Get your Monday off to the right start by making a fast and simple chicken roast that'll also be a versatile add-in for meals later in the week. Buy twice the whole chicken needed for yesterday's meal and pan-roast the remaining chicken in a skillet until juicy and aromatic. Serve it alongside a simple salad and crusty baguette for a rustic meal. You can easily incorporate any of the leftover roast chicken on top of a Spring salad, in a hero sandwich for lunch, or a cheesy baked casserole. For the recipe, read on.
After a long week of admittedly too much partying, I'm in the mood for an easy, nourishing meal. Tonight, I'll be using my slow cooker to make a bacon-flecked stew with white wine and a whole cut-up chicken, reminiscent of the French countryside favorite coq au vin.
Hours later, when the scent wafting from the crockpot tells me that dinner's ready, I'll enjoy it at the table with the rest of the leftover wine. Sound like a relaxing close to a long, busy week? Then make the recipe yourself when you read more.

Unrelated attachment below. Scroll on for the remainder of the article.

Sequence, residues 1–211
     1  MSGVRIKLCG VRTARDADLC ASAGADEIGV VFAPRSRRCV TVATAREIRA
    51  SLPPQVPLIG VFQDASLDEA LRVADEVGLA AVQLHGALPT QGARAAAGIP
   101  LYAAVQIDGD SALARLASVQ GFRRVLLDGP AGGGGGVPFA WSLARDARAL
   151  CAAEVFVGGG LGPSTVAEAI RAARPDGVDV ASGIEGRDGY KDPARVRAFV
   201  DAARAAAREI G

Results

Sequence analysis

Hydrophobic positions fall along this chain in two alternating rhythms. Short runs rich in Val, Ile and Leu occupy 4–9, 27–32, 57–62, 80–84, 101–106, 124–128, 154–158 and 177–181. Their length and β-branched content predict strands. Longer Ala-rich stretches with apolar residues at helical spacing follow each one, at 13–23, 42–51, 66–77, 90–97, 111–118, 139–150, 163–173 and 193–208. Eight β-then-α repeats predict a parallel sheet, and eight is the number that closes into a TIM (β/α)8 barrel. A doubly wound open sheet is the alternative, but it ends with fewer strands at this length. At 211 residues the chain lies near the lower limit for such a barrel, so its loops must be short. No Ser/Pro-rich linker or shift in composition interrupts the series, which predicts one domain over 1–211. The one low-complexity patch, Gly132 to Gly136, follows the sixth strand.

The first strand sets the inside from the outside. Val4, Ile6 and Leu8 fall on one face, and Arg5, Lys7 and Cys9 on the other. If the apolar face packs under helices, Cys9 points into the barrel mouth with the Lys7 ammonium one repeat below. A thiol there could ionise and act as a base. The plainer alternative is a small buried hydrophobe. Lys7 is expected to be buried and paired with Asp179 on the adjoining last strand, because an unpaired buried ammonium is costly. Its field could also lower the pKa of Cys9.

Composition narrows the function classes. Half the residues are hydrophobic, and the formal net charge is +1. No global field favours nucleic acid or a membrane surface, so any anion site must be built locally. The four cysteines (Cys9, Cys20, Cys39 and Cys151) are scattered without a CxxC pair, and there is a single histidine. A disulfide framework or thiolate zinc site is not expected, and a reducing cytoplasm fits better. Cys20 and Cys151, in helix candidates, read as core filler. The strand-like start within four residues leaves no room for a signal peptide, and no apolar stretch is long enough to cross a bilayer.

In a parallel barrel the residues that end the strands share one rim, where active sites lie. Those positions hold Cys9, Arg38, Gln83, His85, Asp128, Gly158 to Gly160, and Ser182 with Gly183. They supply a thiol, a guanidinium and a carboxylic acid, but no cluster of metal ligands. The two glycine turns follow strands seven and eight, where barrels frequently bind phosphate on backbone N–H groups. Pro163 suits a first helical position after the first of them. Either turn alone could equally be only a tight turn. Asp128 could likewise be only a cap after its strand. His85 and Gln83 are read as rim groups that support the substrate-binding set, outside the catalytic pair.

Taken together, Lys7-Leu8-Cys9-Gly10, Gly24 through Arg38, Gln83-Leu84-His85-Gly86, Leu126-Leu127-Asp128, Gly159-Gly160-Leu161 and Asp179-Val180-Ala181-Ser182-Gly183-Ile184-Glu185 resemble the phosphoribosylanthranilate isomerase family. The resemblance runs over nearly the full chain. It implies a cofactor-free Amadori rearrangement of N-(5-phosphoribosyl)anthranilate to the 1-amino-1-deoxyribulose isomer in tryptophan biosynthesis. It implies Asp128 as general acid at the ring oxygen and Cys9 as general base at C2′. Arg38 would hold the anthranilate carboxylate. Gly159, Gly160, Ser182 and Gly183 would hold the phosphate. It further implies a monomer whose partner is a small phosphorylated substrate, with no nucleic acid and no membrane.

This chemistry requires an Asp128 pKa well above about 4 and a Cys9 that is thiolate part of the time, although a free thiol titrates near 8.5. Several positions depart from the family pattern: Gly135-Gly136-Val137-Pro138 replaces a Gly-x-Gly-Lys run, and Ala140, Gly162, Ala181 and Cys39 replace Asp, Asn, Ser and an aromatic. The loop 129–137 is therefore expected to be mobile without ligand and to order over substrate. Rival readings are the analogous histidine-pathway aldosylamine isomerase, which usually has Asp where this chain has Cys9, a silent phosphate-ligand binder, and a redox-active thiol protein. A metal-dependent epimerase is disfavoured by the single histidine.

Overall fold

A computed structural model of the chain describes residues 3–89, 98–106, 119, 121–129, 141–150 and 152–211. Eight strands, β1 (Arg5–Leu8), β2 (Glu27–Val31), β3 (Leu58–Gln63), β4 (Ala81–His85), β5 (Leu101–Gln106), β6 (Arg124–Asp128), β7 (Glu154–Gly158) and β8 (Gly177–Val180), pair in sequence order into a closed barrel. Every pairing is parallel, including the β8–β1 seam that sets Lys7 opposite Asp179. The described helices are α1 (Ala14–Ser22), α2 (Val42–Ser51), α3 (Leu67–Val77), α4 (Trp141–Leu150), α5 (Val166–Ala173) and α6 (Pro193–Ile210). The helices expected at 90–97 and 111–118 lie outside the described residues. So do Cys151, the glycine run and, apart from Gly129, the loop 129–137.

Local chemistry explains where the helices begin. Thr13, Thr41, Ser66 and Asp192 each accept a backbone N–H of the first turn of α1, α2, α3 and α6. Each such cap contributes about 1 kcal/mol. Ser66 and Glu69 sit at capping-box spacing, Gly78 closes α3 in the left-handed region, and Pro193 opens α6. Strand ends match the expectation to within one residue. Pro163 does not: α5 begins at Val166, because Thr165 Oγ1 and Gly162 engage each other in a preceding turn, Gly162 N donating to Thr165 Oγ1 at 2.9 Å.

As I mentioned before, my favorite way to buy chicken on a budget is to get it whole and cut it up into pieces, so I enjoy a taste of every part, from the wings to the drumsticks to the breasts and thighs.
Yesterday, I simmered the chicken in a cacciatore sauce of tomatoes, mushrooms, onions, and herbs, and tonight I'm using another one to make a straightforward roast that can be shredded into salads, soups, and pastas, or simply enjoyed on its own.
For a roasted chicken recipe that you can count on again and again, keep reading.
Chicken breasts and thighs have always been a staple in my household, but lately I've been doing some serious wallet-watching, and I've discovered that the best bang for your buck lies with the purchase of whole chickens.
So today, I'll pick up a couple chickens to make a classic poultry dish, chicken cacciatore, which uses every piece of the bird. Cacciatore means "hunter" in Italian, and protein prepared in this style is simmered in a sauce of mushrooms, onions, tomatoes, and herbs until succulent. Dying to try out the flavors for yourself? Then read more.